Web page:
Financial consolidation is the process by which you collect and tally an organizations results, usually for a company with multiple legal entities, for external reporting.  Those external reporting consumers are a variety of types of consumers usually based concerned party.  They vary from governmental agencies, like the SEC, to banks, or to controlling and non-controlling owners. Financial consolidation systems allow collection, aggregation and reporting of data.

There are a variety of different challenges in financial consolidation systems that emerge when trying to account for an organization’s financial performance.  It isn’t always as easy as “just adding it up”.  Financial consolidations require that you choose the format you submit your external reporting in.  Essentially, you must create a common reporting structure across the organizations that you will be aggregating for your total financial results.  This is generally a certain level of granularity for your major external financial statements, Income Statement (Profit & Loss), Balance Sheet and Cash Flow.

There are many structured Financial Consolidation Systems available in the marketplace.  While it isn’t required to have a formal financial consolidation system, it is important to understand the concepts so that you can minimize risk and time it takes to report externally.

Challenge 1 – Source Systems in Financial Consolidations

Operating companies can have different accounting system (or general ledgers).  If the entities have different systems, you must develop a method to collect the data so that it can be aggregated and reported.  This is your financial consolidation.  When the owned organizations have different accounting system there needs to be a mapping for each of the system into the common reporting structure.  For example, Organization 1 has two cash accounts (1000 – Cash, 1001 – Petty Cash) and Organization 2 has two Cash accounts (10000 – Cash in Bank and 10001 – Cash in hand) when reporting externally you may only want to report Total Cash.  In this case, you would add would add all 4 accounts together to get Total Cash.  This mapping can be complex or simple.  Across all organizations being consolidated, definitions should stay consistent across time (month to month).

Challenge 2 – Foreign Currency in Financial Consolidations

Depending on the type of organization it is common practice to have multiple operating currencies.  This generally occurs when some component of your organization operates in a foreign country.  When aggregating financial results these currencies will need to converted to a common reporting currency or reporting currencies.  For example, assume Organization 1 is based in the US and Organization 2 is in Germany.  When reporting consolidated results in the US you will need to convert the German entity to US dollar.  Or if you need to report consolidated results in Germany, US would need to convert the US entity to Euros.  Depending on organization, you may have multiple required reporting currencies but in general consolidated organizations convert to a single reporting currency where they do most of their external financial reporting.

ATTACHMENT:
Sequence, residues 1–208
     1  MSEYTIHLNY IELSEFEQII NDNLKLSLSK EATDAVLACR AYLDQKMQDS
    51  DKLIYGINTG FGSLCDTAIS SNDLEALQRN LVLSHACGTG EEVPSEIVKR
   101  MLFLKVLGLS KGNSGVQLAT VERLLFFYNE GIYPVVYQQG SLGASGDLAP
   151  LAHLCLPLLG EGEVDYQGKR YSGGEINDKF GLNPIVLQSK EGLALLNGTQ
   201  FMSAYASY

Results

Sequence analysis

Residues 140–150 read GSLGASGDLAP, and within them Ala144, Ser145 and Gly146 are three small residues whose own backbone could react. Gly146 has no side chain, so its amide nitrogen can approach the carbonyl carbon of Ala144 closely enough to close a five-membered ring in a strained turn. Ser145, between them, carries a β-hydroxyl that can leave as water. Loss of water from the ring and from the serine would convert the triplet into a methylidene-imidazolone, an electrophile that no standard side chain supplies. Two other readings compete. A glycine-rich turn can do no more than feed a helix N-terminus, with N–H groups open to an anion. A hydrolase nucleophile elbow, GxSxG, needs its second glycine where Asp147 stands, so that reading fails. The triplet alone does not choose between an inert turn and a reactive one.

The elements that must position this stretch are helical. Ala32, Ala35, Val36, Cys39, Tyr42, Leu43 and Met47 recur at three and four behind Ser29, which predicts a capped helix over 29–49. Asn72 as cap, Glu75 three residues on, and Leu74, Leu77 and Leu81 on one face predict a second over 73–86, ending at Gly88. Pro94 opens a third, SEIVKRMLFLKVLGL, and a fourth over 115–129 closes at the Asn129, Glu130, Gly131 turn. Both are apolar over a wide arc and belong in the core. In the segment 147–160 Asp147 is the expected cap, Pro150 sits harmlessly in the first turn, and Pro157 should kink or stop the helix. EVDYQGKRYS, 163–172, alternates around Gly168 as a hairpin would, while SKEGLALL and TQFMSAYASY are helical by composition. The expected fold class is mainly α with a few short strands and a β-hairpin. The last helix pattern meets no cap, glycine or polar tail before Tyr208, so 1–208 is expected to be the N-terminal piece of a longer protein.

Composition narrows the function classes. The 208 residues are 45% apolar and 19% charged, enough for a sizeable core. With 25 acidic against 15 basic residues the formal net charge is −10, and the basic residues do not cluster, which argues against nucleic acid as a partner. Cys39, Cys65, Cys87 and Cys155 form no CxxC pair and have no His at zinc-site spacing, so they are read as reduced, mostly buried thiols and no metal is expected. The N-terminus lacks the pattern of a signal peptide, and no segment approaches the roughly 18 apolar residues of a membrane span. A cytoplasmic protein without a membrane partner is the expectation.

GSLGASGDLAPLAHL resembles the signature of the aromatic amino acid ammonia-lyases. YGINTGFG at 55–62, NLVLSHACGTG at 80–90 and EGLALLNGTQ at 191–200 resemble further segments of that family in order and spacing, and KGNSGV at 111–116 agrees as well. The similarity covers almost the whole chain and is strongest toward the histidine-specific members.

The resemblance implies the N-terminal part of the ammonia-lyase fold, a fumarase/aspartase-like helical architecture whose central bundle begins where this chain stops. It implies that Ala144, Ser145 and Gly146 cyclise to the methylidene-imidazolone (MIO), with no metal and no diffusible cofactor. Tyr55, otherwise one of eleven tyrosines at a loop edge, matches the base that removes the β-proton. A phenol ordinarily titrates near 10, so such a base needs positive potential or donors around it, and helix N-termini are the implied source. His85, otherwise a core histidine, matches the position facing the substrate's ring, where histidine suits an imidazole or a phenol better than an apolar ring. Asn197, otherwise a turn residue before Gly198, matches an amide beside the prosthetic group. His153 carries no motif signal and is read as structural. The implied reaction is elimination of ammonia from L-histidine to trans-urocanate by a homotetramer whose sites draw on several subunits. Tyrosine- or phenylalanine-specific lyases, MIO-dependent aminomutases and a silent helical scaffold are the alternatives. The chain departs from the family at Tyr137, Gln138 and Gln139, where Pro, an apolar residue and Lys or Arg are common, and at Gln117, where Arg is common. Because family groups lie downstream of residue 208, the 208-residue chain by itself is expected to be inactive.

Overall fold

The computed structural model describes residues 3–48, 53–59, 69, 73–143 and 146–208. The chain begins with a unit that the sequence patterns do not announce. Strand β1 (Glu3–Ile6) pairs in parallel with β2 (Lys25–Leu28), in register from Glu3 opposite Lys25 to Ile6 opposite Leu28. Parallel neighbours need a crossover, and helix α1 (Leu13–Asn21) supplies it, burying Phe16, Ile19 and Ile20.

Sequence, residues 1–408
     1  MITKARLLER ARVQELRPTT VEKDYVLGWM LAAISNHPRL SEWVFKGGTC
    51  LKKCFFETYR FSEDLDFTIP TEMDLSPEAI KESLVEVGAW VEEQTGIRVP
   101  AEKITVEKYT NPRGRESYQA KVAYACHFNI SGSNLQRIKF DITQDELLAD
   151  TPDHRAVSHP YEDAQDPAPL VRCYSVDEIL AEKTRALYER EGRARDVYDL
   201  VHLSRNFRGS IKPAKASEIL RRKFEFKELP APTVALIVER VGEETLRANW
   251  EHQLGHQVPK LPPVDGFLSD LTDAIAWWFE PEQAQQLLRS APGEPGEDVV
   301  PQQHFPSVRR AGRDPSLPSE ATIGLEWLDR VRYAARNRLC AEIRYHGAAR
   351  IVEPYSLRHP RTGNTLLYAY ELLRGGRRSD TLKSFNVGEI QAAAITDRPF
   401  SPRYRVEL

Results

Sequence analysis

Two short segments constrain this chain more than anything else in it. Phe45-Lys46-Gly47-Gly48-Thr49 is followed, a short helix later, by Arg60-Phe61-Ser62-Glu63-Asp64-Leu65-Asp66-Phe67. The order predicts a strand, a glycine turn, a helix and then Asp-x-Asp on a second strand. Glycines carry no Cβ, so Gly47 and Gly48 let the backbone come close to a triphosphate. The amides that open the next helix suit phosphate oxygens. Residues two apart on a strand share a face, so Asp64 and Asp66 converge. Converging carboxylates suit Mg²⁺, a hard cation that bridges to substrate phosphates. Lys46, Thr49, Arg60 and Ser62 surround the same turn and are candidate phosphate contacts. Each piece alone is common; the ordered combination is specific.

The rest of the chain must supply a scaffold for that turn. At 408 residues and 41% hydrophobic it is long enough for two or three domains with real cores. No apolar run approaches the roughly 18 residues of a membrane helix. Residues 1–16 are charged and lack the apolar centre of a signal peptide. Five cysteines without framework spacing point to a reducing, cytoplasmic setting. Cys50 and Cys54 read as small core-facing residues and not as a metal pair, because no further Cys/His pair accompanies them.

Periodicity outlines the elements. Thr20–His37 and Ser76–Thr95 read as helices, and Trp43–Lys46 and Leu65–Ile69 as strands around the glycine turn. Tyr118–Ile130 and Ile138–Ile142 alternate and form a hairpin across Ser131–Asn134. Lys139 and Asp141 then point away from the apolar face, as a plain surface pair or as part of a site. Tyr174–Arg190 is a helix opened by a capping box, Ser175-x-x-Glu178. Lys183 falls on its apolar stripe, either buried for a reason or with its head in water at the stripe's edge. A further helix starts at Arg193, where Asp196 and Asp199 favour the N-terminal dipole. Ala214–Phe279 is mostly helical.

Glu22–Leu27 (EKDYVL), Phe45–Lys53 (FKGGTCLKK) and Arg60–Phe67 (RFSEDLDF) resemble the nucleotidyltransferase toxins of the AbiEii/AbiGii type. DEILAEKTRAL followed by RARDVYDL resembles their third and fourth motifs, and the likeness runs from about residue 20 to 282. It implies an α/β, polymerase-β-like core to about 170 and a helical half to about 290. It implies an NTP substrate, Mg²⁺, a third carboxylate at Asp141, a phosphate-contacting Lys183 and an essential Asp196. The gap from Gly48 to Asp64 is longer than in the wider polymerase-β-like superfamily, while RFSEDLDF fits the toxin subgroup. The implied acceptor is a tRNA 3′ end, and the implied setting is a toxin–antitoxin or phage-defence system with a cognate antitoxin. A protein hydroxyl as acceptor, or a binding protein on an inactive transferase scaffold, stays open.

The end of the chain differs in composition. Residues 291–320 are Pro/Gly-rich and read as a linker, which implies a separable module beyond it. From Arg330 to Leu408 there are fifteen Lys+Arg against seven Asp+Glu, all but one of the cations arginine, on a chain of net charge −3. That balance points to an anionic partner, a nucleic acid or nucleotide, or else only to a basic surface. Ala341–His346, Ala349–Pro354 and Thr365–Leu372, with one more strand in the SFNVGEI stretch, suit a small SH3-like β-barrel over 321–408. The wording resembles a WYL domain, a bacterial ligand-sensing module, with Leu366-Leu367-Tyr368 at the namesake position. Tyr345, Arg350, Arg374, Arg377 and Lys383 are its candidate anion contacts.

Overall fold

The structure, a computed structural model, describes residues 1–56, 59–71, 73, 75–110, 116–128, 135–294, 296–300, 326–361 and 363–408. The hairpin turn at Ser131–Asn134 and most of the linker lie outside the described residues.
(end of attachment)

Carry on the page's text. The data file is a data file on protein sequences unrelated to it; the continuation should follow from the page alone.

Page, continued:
Challenge 3 – Inter-company Transactions in Financial Consolidations

If an organization has multiple operating organizations, there may be transactions that occur between the organizations.  An “arm’s length” transaction is defined as the buyers and sellers acting independently and in their own self–interest without any influence from any other party.  Because both organizations are owned by the same owner, this invalidates the concept of not being influenced by another party.  The owners could dictate terms in related party transactions.

If this is the case, any transactions between the two organizations are considered inter-company transactions and would need to be eliminated at the Total Organization level.  If Organization 1 sold $1M of items to Organization 2, when reporting externally for the Total Organization that $1M should be eliminated and not count as Sales (from Organization 1) and Cost of Sales (from Organization 2).

Solution – Financial Consolidation System

There are many Financial Consolidation solutions available.  These vary from using one of your general ledgers, Excel spreadsheets to structured Financial Consolidation software.  Based on complexity of your consolidation, your acceptable risk profile and reporting time requirements any of these solutions may make sense.  As the number of related parties grow and the complexity grows, the risk profile grows.  Many organizations find that a structured Financial Consolidation software solution makes sense.  The solution’s ability to minimize risk, provide audit trails and minimize reporting time cycles creates the needed reason to implement a structured software solution.  Organizations also find it invaluable to have a powerful transformation (mapping) tool in place to allow for these new GL systems to on board quickly and accurately.

Do these challenges sound familiar in your consolidation process? Please reach out to eCapital Advisors’ consolidation practice team to discuss your situation and solutions to solve your Financial Consolidation business challenges.

EBOOK: Introduction To The International Financial Reporting Standards (IFRS)

Josh Kinkeade

Josh has over 15 years experience with Enterprise Performance Management software. He has been consulting and advising clients with eCapital Advisors for more than 10 years on more than 20 successful client engagements. Over the years, Josh has worked in many different business verticals from manufacturing to health care, from retail to banking. Within any industry is critical to understand not only the technology but the value it brings to the business and that business’ processes.

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